Andy Warhol (//; born Andrew Warhola; August 6, 1928 – February 22, 1987) was an American artist, film director, and producer who was a leading figure in the visual art movement known as pop art. His works explore the relationship between artistic expression, advertising, and celebrity culture that flourished by the 1960s, and span a variety of media, including painting, silkscreening, photography, film, and sculpture. Some of his best known works include the silkscreen paintings Campbell’s Soup Cans (1962) and Marilyn Diptych (1962), the experimental films Empire (1964) and Chelsea Girls (1966), and the multimedia events known as the Exploding Plastic Inevitable (1966–67).
Born and raised in Pittsburgh, Warhol initially pursued a successful career as a commercial illustrator. After exhibiting his work in several galleries in the late 1950s, he began to receive recognition as an influential and controversial artist. His New York studio, The Factory, became a well-known gathering place that brought together distinguished intellectuals, drag queens, playwrights, Bohemian street people, Hollywood celebrities, and wealthy patrons. He promoted a collection of personalities known as Warhol superstars, and is credited with inspiring the widely used expression “15 minutes of fame”. In the late 1960s he managed and produced the experimental rock band The Velvet Underground and founded Interview magazine. He authored numerous books, including The Philosophy of Andy Warhol and Popism: The Warhol Sixties. He lived openly as a gay man before the gay liberation movement. After gallbladder surgery, Warhol died of cardiac arrhythmia in February 1987 at the age of 58.
Warhol has been the subject of numerous retrospective exhibitions, books, and feature and documentary films. The Andy Warhol Museum in his native city of Pittsburgh, which holds an extensive permanent collection of art and archives, is the largest museum in the United States dedicated to a single artist. Many of his creations are very collectible and highly valuable. The highest price ever paid for a Warhol painting is US$105 million for a 1963 canvas titled Silver Car Crash (Double Disaster); his works include some of the most expensive paintings ever sold. A 2009 article in The Economist described Warhol as the “bellwether of the art market”.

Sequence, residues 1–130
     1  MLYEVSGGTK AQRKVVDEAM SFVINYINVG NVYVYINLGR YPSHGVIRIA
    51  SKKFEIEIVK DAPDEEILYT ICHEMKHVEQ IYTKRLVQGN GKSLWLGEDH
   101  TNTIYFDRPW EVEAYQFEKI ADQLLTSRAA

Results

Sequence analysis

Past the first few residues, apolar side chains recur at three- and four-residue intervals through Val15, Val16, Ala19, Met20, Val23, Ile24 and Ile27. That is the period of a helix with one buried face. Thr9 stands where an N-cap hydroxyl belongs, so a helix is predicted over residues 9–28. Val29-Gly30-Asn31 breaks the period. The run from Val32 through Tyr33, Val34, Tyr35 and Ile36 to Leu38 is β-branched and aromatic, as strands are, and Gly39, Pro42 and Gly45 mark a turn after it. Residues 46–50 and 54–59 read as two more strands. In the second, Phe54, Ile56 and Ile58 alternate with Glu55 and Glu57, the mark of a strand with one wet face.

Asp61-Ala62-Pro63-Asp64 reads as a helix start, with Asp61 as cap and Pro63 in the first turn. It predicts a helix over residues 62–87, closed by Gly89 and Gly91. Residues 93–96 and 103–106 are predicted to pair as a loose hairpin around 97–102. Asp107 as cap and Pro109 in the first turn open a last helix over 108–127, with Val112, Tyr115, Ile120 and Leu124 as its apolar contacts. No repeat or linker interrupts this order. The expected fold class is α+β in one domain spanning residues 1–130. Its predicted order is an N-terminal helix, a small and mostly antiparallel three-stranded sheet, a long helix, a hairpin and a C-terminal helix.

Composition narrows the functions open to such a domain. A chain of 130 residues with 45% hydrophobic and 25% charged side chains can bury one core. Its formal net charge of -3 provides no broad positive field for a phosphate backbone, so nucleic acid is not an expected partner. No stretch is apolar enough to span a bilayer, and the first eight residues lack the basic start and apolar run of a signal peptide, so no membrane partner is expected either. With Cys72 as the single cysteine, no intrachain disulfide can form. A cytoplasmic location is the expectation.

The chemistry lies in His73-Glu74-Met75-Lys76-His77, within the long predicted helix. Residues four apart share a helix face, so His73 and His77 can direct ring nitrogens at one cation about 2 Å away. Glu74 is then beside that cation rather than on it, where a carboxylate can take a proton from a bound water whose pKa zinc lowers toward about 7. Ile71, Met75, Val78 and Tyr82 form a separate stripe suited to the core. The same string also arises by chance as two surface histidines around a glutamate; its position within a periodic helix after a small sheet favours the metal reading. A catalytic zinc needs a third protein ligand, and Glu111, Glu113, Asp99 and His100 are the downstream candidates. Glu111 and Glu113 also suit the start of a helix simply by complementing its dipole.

Early life and beginnings (1928–1949)
Warhol was born on August 6, 1928, in Pittsburgh, Pennsylvania. He was the fourth child of Ondrej Warhola (Americanized as Andrew Warhola, Sr., 1889–1942) and Julia (née Zavacká, 1892–1972), whose first child was born in their homeland of Austria-Hungary and died before their move to the U.S.
His parents were working-class Lemko emigrants from Mikó, Austria-Hungary (now called Miková, located in today’s northeastern Slovakia). Warhol’s father emigrated to the United States in 1914, and his mother joined him in 1921, after the death of Warhol’s grandparents. Warhol’s father worked in a coal mine. The family lived at 55 Beelen Street and later at 3252 Dawson Street in the Oakland neighborhood of Pittsburgh. The family was Ruthenian Catholic and attended St. John Chrysostom Byzantine Catholic Church. Andy Warhol had two elder brothers—Pavol (Paul), the eldest, was born before the family emigrated; Ján was born in Pittsburgh. Pavol’s son, James Warhola, became a successful children’s book illustrator.